For Crosby’s renown to endure, he needs to make the transition from faded star to timeless artist...fortunately for Bing, Gary Giddins has taken up the gauntlet with surprising vehemence ... Mr. Giddins’s thorough research pays dividends. By digging into day-by-day and week-by-week itineraries, our biographer demands our admiration for Crosby’s unflagging efforts, often with little concern for personal rewards or favorable publicity ... Mr. Giddins is surprisingly non-judgmental about this subject—especially when compared to his strong opinions on Crosby’s recordings. He chastises the performer when he 'misses each and every high note' on a track ... But Crosby’s approach to child-rearing is never directly criticized, and often presented as symptomatic of its time and place ... But no one can accuse Mr. Giddins of shortchanging us on the facts. Every aspect of Crosby’s life is laid bare for close inspection in this penetrating biography ... I especially enjoyed previously unpublished extracts from a fan’s diary that recount minute details of Crosby’s life from the perspective of two sisters who followed him wherever he went ... It’s hard to reconcile the different facets of this oddly private man who thrived in the limelight while maintaining such reserve.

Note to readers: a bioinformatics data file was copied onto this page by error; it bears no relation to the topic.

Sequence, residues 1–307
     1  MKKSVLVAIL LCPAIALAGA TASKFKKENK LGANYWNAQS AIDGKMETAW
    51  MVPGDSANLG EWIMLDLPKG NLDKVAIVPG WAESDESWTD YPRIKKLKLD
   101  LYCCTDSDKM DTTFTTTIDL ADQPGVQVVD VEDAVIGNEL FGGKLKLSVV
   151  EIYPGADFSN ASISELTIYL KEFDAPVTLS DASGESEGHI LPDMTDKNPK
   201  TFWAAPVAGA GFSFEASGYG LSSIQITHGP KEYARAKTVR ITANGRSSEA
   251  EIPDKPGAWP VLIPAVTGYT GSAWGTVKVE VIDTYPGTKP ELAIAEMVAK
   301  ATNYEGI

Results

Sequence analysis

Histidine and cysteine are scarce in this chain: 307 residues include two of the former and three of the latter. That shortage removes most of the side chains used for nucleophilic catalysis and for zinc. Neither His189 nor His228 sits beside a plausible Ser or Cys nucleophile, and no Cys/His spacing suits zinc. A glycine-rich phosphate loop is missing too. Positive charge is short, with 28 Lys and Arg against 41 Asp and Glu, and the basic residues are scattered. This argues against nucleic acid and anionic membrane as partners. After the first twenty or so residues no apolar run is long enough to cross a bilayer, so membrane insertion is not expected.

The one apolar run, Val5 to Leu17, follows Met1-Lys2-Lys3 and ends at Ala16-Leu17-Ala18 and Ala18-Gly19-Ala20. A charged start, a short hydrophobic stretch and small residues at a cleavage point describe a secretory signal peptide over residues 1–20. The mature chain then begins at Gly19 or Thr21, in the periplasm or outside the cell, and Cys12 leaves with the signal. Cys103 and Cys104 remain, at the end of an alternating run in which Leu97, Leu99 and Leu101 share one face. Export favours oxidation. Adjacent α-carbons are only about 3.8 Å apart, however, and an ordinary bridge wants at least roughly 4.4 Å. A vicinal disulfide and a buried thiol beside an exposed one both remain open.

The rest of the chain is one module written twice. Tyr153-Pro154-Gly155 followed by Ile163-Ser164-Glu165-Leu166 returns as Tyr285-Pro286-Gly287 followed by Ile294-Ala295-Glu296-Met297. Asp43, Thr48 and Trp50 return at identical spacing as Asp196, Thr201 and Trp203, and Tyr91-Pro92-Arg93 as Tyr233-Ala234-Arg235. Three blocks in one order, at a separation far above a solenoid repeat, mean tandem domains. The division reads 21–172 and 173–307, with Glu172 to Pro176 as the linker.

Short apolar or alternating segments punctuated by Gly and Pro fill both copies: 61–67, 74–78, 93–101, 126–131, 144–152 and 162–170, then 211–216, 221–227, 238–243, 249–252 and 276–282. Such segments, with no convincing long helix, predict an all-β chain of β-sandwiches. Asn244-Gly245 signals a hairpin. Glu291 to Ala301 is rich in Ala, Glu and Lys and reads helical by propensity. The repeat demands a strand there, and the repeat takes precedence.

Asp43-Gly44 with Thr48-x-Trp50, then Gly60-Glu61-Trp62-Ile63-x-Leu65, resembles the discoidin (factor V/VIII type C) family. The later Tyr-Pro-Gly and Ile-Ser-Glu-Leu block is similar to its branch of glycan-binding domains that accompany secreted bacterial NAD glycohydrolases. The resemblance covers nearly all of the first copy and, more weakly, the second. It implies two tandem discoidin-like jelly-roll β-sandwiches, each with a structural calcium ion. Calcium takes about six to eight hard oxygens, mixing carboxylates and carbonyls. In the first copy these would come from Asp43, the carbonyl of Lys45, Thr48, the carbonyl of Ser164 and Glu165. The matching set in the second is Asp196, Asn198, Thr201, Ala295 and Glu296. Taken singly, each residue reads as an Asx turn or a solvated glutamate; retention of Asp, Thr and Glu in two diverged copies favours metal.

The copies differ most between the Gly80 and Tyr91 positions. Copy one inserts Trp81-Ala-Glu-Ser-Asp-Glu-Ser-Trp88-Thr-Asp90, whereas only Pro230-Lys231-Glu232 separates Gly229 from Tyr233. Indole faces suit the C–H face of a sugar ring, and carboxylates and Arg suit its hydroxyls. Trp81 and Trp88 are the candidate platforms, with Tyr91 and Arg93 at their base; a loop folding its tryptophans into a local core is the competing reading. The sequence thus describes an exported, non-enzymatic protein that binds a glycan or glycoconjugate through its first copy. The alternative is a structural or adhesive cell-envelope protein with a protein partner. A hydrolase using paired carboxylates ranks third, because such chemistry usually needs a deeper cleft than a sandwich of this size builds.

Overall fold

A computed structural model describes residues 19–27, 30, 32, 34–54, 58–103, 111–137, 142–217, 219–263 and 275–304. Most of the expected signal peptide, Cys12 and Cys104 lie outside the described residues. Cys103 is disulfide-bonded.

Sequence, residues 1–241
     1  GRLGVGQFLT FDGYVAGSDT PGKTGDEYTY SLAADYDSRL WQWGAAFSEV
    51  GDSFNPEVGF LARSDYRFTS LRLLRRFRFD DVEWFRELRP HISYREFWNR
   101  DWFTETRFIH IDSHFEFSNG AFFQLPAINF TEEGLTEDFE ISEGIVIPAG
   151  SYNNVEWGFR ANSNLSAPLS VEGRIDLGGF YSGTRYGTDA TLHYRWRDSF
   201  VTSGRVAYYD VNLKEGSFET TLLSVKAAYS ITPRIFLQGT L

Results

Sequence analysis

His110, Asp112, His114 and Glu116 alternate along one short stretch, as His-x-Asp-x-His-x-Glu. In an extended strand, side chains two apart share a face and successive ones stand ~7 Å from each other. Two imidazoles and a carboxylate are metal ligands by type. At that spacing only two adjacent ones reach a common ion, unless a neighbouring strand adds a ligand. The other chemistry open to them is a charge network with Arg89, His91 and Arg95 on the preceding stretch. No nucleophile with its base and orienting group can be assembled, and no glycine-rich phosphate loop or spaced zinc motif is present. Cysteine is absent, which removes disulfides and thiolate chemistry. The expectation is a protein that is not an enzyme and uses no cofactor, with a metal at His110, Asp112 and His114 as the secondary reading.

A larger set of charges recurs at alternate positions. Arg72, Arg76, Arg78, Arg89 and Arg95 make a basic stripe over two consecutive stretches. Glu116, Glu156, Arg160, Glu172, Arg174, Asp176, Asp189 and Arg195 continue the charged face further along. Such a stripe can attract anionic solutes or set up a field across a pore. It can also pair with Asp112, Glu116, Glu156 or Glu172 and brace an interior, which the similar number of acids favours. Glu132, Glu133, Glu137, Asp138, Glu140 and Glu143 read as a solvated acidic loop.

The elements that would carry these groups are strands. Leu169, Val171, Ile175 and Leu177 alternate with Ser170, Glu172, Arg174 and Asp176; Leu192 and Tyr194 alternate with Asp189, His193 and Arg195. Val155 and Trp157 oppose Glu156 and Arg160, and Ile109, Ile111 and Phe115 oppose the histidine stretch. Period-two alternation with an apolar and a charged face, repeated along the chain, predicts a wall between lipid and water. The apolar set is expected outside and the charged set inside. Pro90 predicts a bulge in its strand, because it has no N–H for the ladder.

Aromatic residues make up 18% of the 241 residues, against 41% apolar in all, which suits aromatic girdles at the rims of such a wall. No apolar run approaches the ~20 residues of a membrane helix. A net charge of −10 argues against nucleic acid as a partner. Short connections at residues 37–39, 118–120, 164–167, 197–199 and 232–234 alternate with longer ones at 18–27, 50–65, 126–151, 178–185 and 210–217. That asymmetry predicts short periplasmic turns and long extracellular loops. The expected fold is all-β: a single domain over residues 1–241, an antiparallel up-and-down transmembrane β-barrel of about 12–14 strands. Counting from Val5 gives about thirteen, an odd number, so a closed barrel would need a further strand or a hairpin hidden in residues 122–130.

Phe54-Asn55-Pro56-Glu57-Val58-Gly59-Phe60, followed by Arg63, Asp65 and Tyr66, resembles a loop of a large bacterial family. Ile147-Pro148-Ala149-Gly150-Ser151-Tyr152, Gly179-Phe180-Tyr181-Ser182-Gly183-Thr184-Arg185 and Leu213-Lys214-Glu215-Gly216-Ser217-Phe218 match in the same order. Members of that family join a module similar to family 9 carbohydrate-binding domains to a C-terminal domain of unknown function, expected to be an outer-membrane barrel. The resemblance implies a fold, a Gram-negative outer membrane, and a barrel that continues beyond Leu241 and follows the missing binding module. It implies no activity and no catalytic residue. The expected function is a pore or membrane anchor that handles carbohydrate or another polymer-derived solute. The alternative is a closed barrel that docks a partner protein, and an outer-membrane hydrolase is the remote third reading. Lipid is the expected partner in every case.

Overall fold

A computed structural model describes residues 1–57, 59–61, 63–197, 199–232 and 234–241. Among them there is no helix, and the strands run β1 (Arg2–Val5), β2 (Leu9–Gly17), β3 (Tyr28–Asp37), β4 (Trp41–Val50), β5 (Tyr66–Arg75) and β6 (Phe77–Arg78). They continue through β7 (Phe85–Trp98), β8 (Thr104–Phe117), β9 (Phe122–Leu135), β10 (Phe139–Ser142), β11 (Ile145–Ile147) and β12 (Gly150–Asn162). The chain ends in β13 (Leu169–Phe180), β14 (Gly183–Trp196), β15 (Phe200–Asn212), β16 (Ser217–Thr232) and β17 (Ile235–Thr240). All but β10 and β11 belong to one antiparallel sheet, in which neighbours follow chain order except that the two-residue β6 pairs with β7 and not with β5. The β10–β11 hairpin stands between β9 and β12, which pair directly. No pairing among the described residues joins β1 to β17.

For a twenty-first-century audience, the idea of Bing Crosby as both a swoonworthy movie idol and an inspiration to battle-hardened soldiers may seem difficult to comprehend, but that is the brilliance of Giddins’ work: he makes us see how, in a very different time, Crosby’s easygoing, waggish style was just what the country craved, on records and radio, at the movies, and in person.
Worth the wait. ... an astute account ... a densely packed, sometimes excessively detailed narrative ... It must be noted, with regret, that Giddins has a terrible weakness for unnecessary material ... [an] evocative portrait of a man and a historical moment, which would be even better if it were about 100 pages shorter.